RSI Trading Strategy: Trading Indicator – Importance, How to Read and Trade Based on RSI?
The crypto space today is populated with several users who have been trading at either the beginner or intermediate level. This user base is constantly searching for strategies and patterns that can aid their investments and trading activity and steer them in a more profitable direction. While the market is flooded with such plans and tactics, it is important to choose the best, most viable options that are useful in helping you understand the most about your potential investments and as a result also facilitate you in creating an impeccable portfolio.
Trading strategies employ different and reflective indicators that serve the purpose of highlighting the metrics of a particular investment in order to indicate after a deeper understanding whether or not the investment could prove to be fruitful.
The RSI (Relative Strength Index) is a popular technical indicator used in the analysis of financial markets. It was developed by J. Welles Wilder Jr. and introduced in his 1978 book, “New Concepts in Technical Trading Systems.” The RSI indicator oscillates between zero and 100, with generally high and low levels marked at 70 and 30, respectively.
Traders and investors often use the RSI as a tool to help identify overbought or oversold conditions in the market, as well as potential trend reversals. RSI Trading strategies constitute to be one of the most powerful and popular strategies in the market. However, it can be impactful and accurate only if it is harnessed in the right way. In this article, we will explore how to use the RSI as a trading strategy and provide some tips on how to effectively implement it in your own trading.
What we are going to learn?
What is Relative Strength Index (RSI)
The Relative Strength Index falls under the category of being a momentum oscillator. As briefly touched upon earlier, a momentum oscillator is a technical indicator that measures the speed and change of price movements in a financial market. It oscillates between two extreme values and is used to identify overbought or oversold conditions, as well as potential trend reversals.
Momentum oscillators are based on the idea that prices tend to move in trends, and that the momentum of a trend can be a useful predictor of its continued direction. When the momentum of a trend is strong, it is more likely to continue in the same direction. On the other hand, when the momentum is weak, it may be a sign that the trend is losing strength and could potentially reverse.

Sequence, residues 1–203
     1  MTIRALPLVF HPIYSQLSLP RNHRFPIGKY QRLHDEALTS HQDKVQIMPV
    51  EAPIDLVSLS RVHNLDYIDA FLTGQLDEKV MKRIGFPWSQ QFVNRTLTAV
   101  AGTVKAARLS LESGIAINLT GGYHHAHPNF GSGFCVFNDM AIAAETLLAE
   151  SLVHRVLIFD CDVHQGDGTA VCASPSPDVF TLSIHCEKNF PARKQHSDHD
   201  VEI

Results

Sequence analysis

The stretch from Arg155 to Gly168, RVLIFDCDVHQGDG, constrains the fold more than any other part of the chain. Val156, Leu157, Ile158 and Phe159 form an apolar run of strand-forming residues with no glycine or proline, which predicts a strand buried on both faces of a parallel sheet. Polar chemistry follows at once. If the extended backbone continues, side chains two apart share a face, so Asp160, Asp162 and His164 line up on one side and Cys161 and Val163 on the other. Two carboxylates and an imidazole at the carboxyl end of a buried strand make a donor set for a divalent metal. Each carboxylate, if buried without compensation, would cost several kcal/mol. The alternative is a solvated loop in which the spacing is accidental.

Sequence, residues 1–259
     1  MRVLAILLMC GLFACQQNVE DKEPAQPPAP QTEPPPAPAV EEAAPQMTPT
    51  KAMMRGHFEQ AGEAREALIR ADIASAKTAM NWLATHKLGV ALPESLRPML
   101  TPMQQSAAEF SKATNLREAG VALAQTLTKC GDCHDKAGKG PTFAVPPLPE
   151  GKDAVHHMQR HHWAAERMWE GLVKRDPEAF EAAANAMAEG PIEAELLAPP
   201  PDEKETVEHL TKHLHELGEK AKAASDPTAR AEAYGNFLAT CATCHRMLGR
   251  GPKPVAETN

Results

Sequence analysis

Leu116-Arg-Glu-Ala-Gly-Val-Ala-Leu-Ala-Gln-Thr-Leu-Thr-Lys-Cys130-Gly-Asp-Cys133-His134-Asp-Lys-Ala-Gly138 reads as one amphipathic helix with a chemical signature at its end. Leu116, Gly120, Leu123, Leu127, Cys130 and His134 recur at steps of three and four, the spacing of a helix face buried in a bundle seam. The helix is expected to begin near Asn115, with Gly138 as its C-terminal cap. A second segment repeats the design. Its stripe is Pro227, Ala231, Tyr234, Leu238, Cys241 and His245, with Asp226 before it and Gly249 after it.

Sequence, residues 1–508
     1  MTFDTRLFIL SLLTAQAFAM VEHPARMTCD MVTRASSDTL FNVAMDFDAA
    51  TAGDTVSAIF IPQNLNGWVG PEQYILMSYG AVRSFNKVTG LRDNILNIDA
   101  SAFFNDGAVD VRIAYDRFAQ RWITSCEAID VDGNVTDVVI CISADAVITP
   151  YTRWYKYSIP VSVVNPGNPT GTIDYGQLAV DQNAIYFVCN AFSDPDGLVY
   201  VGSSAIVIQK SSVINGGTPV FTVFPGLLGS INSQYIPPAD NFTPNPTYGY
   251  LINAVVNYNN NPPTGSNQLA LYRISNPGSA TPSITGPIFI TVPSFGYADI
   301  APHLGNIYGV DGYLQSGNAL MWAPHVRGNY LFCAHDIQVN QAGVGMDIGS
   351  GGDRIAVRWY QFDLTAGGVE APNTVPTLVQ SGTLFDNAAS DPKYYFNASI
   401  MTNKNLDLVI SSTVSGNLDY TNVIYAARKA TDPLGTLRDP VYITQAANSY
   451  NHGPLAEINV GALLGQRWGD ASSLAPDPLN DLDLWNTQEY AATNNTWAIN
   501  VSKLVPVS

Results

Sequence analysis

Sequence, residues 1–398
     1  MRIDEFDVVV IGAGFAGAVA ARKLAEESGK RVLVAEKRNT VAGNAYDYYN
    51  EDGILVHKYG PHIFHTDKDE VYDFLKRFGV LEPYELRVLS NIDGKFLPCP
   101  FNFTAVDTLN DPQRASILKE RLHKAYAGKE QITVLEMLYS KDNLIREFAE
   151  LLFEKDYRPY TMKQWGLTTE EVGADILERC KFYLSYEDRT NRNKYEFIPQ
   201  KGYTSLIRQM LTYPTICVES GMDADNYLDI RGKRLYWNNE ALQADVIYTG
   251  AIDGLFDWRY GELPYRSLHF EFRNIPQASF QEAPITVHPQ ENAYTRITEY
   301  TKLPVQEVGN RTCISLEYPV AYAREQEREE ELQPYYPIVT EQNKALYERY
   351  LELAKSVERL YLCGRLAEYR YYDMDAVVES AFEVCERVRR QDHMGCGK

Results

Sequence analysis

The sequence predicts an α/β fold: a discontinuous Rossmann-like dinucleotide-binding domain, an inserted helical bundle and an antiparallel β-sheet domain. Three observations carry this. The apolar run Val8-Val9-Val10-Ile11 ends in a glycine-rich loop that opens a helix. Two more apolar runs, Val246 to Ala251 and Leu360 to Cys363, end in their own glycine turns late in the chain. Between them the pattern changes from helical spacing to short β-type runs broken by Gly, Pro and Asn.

There are various types of momentum oscillators, including the Relative Strength Index (RSI), the Stochastic Oscillator, and the Moving Average Convergence Divergence (MACD). These indicators are typically plotted on a chart as a line or histogram and oscillate between two extreme values.
Now that we know the basics of what a momentum oscillator is, let’s delve deep into the details of the Relative Strenght Index. RSI works on an asset chart and compares both the bullish momentum and the bearish moments of the investment. This basically implies that the RSI indicator yields a plot that differentiates and compares how much has been gained or lost and creates a corresponding chart.
The two extremes set for the plotting of the RSI graph are between 0 to 100 respectively. This means that the lowest possible value for RSI is 0 and the lightest possible value is 100.
How the Relative Strength Index (RSI) Works
The RSI is a mathematical formula that uses price data to measure the strength of a security or currency pair. As discussed earlier, It is typically plotted on a chart as a line that oscillates between zero and 100.
How is Relative Strength Index (RSI) calculated?
The formula for the RSI is as follows:
Relative Strength Index = 100 – (100 / (1 + RS))
Where RS is the average gain of up periods divided by the average loss of down periods.
The average gain of up periods is calculated by taking the sum of all the gains during up periods and dividing it by the total number of up periods. Up periods are defined as periods in which the price of the security or currency pair closes higher than it did in the previous period.
The average loss of down periods is calculated by taking the sum of all the losses during down periods and dividing it by the total number of down periods. Down periods are basically the periods in which the price of the security or currency pair closes lower than it did in the previous period. In the formula, the average loss in taken as a positive value mathematically.
How is Relative Strength Index (RSI) plotted?
To plot the RSI on a chart, you will first need to select the security or currency pair that you want to analyze. You can then use a charting platform or software to apply the RSI indicator to the chart.
Most charting platforms will allow you to customize the settings for the RSI, such as the time frame and the number of periods used in the calculation. The default setting for the RSI is usually a 14-period time frame, but you can adjust this to suit your own preferences.
Once you have applied the RSI to the chart, it will be plotted as a line that oscillates between zero and 100. The RSI is typically plotted in a separate window below the price chart. RSI is directly proportional to the number and size of up days. This means that when up days increase, RSI rises and it falls when the number or size of down days increases. Look at this image that reflects a plot for RSI by Investopedia.com that can help you understand RSI graphs a little more.
Where to find Relative Strength Index in Trading Assets
You can find RSI graphs on various platforms.
Go to the platform of your choice, like TradingView in this case.
Now chose the desired asset and head on to the indicators section.
There you just have to simply type and select the RSI option and the RSI chart will be available for you in the lower section.